The Libre Intiative, founded in 2011, is not exactly nonpartisan when you look at its major players, either. Garza is a former George W Bush staffer, National Strategic Director is Jose Mallea, was formerly the campaign manager for Florida Sen. Marco Rubio; its Policy Director Jorge Lima was once an adviser to former Puerto Rico Gov. Luis Fortuño, who tried to impose Scott Walker-style reforms on the US island territory’s unions; Chief of Staff Andeliz Castillo led outreach to Hispanic media for the RNC in 2008, and National Spokesperson Rachel Campos-Duffy is married to Wisconsin Republican Rep. Sean Duffy.
To fulfill its goal of outreach to the Latino community, which Garza feels has been subjected to leftist propaganda, the group offers an array of social services, which a Yahoo News report characterizes as “an unusual move for a political group of this kind.” Libre offers free tax preparing services, English classes, health and wellness checkups and a free GED course. Garza himself is a GED recipient, and tries to translate his humble beginnings into a kind of Horatio Alger story by way of Ayn Rand.
The main issues on Libre Intiative’s agenda are opposition to Obamacare, smaller government (critiquing spending on entitlement programs and regulation), jobs and economy (they are against raising the miniumum wage), lowering taxes, and immigration reform (they promote a ‘market-based’ solution that emphasizes border security and guest worker status while being vague on a path to citizenship). Adhering to the Koch network agenda, they steer clear of the “culture wars,” and their women’s, youth, and faith initiatives are understated compared to much of the radical right.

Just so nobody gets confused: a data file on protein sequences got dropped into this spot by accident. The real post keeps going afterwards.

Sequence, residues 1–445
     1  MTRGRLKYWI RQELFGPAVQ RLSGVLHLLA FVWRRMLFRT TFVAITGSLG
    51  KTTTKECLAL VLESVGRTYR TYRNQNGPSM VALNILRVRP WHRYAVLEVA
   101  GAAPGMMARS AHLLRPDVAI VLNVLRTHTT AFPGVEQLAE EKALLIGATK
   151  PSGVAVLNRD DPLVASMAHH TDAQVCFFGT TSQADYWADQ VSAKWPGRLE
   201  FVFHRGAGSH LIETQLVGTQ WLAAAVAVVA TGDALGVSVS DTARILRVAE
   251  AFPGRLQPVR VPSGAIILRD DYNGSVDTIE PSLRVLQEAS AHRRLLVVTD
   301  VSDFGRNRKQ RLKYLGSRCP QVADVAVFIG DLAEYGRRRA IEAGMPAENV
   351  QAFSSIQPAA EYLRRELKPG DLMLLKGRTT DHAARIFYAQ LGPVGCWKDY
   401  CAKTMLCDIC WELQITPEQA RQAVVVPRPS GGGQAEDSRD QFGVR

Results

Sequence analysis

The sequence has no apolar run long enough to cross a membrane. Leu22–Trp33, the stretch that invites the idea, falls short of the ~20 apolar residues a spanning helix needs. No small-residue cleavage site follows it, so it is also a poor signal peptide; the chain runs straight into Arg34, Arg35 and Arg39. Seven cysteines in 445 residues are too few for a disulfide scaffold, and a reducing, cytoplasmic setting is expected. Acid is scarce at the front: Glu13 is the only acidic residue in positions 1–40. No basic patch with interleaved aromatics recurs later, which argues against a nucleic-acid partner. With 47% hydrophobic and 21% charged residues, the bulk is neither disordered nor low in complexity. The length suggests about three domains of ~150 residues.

It’s clear that the group hopes to step into an opportunity provided by the Obama administration’s failure to produce immigration reform while increasing deportations, as well the continuing stagnant economy. But while Ronald Reagan once declared that Latinos are “natural conservatives” because of their family orientation and strong religious affiliation, many observers doubt that the Libre Initiative are in step with a majority of Latinos.
“One study we’ve done,” said Marc Hugo Lopez of the Pew Hispanic Center, “shows that Latinos have been more supportive than the general public of a government that provides more services. That’s something that we consistently found over the years. Lopez also cites the common wisdom that has motivated various Republican outreach efforts, like Newt Gingrich’s “The Americano” website and Karl Rove’s American Crossroads Spanish-language ads, to desperately try to bring back Latinos to the Republican Party in numbers comparable to the 40% that voted for George W. Bush in 2004.